Lead Service Line Replacement Program Frequently Asked Questions

Yes. The EPA’s lead standard is an action level that requires treatment modifications if lead test results exceed 15 parts per billion (ppb) in more than 10 percent of first draw samples taken from household taps. West Virginia American Water regularly tests for lead at the end of its treatment process. Our testing has shown that lead is not an issue in the water exiting any of our water treatment facilities. We also conduct tests in our distribution system in accordance with the EPA regulatory requirements. In addition, we take steps to reduce the potential of lead leaching from service lines and household pipes into the water by managing the pH levels in the water leaving our treatment facilities and adding a corrosion inhibitor where needed. Learn more at leadfacts.

Not necessarily. You might have lead in your drinking water if your service line, household plumbing or fixtures contain lead. Homes built before 1930 are more likely to have lead plumbing systems. Lead pipes are dull grey in color and scratch easily revealing a shiny surface. If your house was built before January 1986, you are more likely to have lead-soldered joints on copper piping. Lead solder is a silver or grey color. If you do, the chance of the lead leaching into your drinking water is greater when water has been standing in the pipes for more than six hours.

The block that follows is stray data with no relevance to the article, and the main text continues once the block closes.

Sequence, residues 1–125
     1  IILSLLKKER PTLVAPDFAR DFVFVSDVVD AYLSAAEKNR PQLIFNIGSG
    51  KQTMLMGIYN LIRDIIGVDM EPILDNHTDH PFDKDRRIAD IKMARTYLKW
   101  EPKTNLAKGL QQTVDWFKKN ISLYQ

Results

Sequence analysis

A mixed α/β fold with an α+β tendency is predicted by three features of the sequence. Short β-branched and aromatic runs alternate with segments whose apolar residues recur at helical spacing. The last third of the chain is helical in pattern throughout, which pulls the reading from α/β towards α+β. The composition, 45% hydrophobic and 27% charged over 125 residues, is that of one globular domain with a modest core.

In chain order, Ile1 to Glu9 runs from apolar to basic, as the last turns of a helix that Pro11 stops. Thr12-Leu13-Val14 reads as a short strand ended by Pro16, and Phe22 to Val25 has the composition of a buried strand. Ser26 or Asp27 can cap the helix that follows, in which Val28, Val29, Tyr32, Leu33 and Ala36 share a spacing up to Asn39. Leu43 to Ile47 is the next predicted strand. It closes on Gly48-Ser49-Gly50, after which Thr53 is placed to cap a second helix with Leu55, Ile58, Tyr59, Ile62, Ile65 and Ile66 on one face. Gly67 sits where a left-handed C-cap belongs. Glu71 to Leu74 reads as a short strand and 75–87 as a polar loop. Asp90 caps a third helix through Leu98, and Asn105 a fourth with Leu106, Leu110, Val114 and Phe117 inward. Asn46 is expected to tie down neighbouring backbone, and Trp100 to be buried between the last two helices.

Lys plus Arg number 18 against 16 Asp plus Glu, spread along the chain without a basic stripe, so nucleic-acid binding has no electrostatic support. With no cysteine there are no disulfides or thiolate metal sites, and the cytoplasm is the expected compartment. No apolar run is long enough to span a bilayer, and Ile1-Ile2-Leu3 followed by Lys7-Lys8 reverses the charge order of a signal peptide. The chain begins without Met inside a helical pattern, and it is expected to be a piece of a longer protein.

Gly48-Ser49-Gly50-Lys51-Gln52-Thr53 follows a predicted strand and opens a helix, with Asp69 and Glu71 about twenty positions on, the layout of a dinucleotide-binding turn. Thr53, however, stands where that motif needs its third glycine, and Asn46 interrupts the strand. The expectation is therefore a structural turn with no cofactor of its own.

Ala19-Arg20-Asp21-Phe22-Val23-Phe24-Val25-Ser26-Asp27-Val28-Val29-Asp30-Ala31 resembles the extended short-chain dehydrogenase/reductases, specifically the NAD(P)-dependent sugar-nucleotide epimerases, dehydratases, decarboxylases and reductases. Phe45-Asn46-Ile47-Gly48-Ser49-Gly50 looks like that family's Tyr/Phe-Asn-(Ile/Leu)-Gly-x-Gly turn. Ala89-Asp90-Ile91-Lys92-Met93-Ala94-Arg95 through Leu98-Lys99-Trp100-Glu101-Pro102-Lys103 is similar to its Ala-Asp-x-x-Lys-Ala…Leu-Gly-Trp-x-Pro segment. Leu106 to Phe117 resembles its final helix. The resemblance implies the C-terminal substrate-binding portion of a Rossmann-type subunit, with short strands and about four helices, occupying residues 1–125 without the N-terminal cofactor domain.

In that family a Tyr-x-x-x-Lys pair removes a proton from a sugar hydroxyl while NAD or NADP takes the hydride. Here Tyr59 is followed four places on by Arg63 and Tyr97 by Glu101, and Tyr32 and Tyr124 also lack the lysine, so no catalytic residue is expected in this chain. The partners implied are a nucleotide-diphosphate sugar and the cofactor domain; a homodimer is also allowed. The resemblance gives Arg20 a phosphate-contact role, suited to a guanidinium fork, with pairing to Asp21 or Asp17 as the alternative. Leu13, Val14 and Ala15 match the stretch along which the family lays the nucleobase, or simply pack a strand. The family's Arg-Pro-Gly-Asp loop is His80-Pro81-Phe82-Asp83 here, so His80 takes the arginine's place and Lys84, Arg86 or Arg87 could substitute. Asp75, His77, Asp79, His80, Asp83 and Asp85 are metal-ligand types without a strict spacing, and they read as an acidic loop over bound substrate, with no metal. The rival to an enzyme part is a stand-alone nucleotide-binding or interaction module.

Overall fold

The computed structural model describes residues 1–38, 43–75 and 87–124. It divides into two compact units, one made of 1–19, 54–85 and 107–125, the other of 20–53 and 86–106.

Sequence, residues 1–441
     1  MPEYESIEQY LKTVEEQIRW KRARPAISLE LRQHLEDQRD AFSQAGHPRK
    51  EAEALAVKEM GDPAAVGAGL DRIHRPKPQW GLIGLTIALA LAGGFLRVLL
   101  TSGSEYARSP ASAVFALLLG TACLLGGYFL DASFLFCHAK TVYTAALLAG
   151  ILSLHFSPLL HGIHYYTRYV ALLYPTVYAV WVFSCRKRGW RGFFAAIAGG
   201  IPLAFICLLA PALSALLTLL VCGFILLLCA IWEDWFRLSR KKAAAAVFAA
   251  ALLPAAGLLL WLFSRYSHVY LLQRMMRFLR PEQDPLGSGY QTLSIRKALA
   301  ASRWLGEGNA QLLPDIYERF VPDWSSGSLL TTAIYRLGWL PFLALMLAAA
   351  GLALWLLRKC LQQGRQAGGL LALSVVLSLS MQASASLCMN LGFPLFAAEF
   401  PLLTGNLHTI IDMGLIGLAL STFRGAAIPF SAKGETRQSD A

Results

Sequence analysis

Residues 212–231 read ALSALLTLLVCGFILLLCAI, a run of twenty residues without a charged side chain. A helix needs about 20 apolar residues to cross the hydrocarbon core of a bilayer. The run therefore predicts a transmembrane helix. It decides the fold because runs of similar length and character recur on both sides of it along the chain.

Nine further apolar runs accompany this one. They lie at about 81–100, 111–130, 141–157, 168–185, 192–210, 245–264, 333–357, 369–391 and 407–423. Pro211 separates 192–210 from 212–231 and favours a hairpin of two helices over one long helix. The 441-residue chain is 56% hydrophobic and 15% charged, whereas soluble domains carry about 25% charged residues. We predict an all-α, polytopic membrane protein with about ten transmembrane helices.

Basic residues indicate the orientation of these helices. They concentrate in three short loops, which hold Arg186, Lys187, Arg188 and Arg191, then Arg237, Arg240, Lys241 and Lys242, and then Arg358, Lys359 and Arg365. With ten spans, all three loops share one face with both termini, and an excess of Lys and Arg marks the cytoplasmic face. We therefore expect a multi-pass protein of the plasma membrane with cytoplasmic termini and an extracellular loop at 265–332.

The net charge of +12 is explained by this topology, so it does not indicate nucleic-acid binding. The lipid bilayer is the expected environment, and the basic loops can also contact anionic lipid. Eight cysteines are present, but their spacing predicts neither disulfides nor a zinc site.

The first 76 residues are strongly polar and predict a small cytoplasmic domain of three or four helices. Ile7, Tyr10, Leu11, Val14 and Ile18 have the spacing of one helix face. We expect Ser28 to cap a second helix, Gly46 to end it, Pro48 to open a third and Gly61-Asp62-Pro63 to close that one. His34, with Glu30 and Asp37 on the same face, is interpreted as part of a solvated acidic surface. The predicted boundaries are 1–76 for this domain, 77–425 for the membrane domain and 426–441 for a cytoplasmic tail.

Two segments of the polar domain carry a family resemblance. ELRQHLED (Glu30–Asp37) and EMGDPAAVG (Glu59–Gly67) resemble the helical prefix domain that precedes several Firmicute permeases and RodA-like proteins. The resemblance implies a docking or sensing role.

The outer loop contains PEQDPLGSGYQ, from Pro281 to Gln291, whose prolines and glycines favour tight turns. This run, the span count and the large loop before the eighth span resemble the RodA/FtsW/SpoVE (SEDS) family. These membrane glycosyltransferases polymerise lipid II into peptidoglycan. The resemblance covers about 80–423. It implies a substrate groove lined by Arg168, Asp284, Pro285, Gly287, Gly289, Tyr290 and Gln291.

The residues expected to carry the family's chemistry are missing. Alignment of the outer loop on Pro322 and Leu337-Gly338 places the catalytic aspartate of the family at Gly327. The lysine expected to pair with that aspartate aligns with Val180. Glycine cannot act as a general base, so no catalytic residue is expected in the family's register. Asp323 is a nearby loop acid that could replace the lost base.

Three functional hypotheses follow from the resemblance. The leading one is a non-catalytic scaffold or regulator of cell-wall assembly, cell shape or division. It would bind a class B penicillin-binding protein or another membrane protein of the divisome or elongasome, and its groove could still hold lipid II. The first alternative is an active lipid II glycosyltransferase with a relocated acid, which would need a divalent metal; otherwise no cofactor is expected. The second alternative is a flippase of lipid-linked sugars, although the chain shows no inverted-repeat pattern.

You cannot see, smell or taste lead, and boiling water will not remove lead. Here are steps you can take to reduce your potential exposure if lead exists in your home plumbing:

  • Flush your taps. The longer the water lies dormant in your home’s plumbing, the more lead it might contain. If the water in your faucet has gone unused for more than six hours, flush the tap with cold water for 30 seconds to two minutes before drinking or using it to cook. To conserve water, catch the running water and use it to water your plants.
  • Use cold water for drinking and cooking. Hot water has the potential to contain more lead than cold water. If hot water is needed for cooking, heat cold water on the stove or in the microwave. 
  • Routinely remove and clean all faucet aerators.
  • Look for the “Lead Free” label when replacing or installing plumbing fixtures.
  • Follow the manufacturer’s instructions for replacing water filters in household appliances, such as refrigerators and ice makers, as well as home water treatment units and pitchers. Look for NSF 53 certified filters. Customers can also look for NSF 42 certified filers which will help with turbidity concerns. 
  • Flush after plumbing changes. Changes to your service line, meter, or interior plumbing may result in sediment, possibly containing lead, in your water supply. Remove the strainers from each faucet and run the water for 3 to 5 minutes.
  • Routinely clean faucet screens. Sediment and metals can collect in the faucet screen located at the tip of your faucets. Replace screens that are in poor condition. New screens are available at local hardware stores. Click here for instructions on how to clean your faucet screen.